Dealer Management Alert: Here’s a Guide for “How Appraisals in Your Service Department Can Help Sell More Vehicles”
Editorial Note from AIN Media: This document is really a comprehensive guide on “How Your Service Department can Help Sell More Vehicles” by creating a process in your dealership to gain & produce appraisals while customer vehicles are in the service land and thus produce possible vehicle sales leads for the dealership’s sales team.
From Service Drive to Showroom: Driving Leads from the Lift
It’s Saturday. You walk into your local warehouse store (Costco, BJ’s, Sam’s Club) on a mission to pick up two things and two things only – paper towels and bottled water. An hour later you’re loading up your car with 27 items.
How did that happen?
Well, you walked past the frozen foods section on your way to bottled water and there she was, the free sample lady. So you grabbed a delicious bite which prompted you to buy the whole shebang for dinner…and then you noticed the picnic cooler you’ve been eyeing for two months which is suddenly on sale, and so on and so forth.
Are you upset you bought so much? No, you’re not, because you feel like you just got a deal.
Now what on earth does that have to do with Service Drive appraisals? Everything! A service customer is the most inexpensive UP in your dealership – they came to you and they want a free sample. By making service drive appraisals part of your process, you can hook your customers on a free sample (a strong appraisal valuation) and send them home with more than they came for – a new ride.
The key to making this an effective and efficient strategy for your dealership is by setting up a process that you live and die by. This process should include the following:
1. Get buy-in from your staff to implement a live or die process.
2. Be discriminate by appraising the right cars.
3. Engage with your customers – sales interaction is important!
Let’s take a deeper dive into creating a process to make service drive appraisals successful in your dealership.
Get buy-in from your staff.
You’re attempting to sell a vehicle to a customer who wasn’t necessarily in the market for one, which means it’s crucial to have engagement from your staff who believe and buy into the process. That starts by establishing clear guidelines so that sales and service work in harmony.
Does the service writer perform the appraisal or does a salesperson? Every dealership operates differently, but in our experience, it’s important to put people in the roles at which they excel. In this case, let the service writer focus on providing the best quality service to the customer and add on an early morning salesperson to do just that – sell! Salespeople who are assigned to the service drive love it because, well, they get every UP. Most importantly, be sure to incentivize your service writer by compensating him / her for business they’re driving to sales.
Appraise the right cars.
Any comedian or public speaker will tell you that reading the crowd is crucial. That same rule applies here. Not every joke works for every crowd, and neither does blindly appraising every unit that rolls into your service drive.
Be sure to do your homework. Did the customer buy the unit from your store two weeks ago? If so, why are they in for service so soon? Did the customer just lease this unit six months ago? Then they will probably have a hard time getting out of the lease so early. Is the customer in your CRM with multiple visits to the sales floor recently but no purchase on record? Speak to the salesperson to find out why they couldn’t buy. When you scan the VIN of the service drive unit, does it appear showing it’s been appraised at your dealership before? If so, how long ago? What was the appraisal amount? What did the car need then?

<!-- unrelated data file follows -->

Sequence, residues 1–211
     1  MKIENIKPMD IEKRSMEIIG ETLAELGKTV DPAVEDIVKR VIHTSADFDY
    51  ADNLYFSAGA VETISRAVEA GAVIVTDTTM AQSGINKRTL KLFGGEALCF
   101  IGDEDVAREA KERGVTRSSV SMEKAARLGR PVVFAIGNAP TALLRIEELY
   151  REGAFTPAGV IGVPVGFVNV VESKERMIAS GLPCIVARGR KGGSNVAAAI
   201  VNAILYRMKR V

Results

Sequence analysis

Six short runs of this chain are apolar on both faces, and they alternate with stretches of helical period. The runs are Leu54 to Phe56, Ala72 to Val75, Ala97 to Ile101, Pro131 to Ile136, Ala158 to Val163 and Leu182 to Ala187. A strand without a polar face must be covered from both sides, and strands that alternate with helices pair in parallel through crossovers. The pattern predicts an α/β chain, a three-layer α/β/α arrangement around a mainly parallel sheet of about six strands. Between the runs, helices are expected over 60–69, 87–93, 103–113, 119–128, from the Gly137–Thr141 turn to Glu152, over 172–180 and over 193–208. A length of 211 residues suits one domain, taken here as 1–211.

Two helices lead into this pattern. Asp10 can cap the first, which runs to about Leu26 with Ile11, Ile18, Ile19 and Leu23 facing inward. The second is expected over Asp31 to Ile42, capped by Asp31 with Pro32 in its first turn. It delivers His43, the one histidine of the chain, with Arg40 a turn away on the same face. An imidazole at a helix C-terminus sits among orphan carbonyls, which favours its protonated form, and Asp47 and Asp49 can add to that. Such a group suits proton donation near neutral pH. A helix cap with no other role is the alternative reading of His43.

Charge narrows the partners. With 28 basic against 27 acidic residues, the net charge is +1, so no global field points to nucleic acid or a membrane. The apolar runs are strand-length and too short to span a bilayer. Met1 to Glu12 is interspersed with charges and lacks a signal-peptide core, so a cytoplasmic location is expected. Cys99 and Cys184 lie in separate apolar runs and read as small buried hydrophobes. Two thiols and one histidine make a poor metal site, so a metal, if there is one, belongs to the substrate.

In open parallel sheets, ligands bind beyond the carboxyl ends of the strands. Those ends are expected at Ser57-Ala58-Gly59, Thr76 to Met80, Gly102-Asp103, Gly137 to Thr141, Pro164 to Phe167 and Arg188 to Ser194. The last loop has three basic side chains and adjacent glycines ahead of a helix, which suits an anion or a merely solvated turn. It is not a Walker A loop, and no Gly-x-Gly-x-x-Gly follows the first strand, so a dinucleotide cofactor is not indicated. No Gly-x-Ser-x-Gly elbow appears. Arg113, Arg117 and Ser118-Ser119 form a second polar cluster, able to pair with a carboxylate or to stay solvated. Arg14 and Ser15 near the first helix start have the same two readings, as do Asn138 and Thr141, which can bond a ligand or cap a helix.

Remember to be selective in which service drive units you appraise so you don’t dig yourself into a customer service grave. Know your audience.
Engage in customer interaction.
It’s important for sales to engage service customers in a consultative way, ensuring the best trade and replacement vehicle buying experience possible. Be sure the sales personnel you select to work the service drive are well versed and comfortable in these three areas:
A qualified salesperson needs to be able to spot damage, prior repairs, paintwork, etc. as well as communicate with the service staff to gather necessary information about mechanical issues. In addition, the salesperson must be able to communicate all of this in a way that makes the customer engaged as opposed versus frustrated that you’re critiquing their vehicle.
Have all your resources ready to make a great offer with an assumptive close. Know what the service bill is, or is expected to be. Use this knowledge to find an excellent replacement vehicle on your lot. Are they a Yankees fan? Guide them to that Yankee blue SUV on your front line.
3. Follow up.
Didn’t get the close while they were on your lot? No worries. They didn’t arrive at your dealership intending to buy a car – but follow up is crucial! Inquire as to whether or not they were pleased with the appraisal value you quoted. Offer to have their vehicle independently valued by a third party organization. Did they see anything else on your lot that they liked or were interested in learning more about? Keep your eyes peeled for fresh trades or other service drive units that match their wish list. The bottom line? Keep the lines of communication open.
Megan Mahon is Director of Operations for The Appraisal Lane. Visit www.TheAppraisalLane.com or download The Appraisal Lane app from the App Store (iPhone/iPad) or Google Play (Android). For immediate inquiries about The Appraisal Lane, email firstname.lastname@example.org.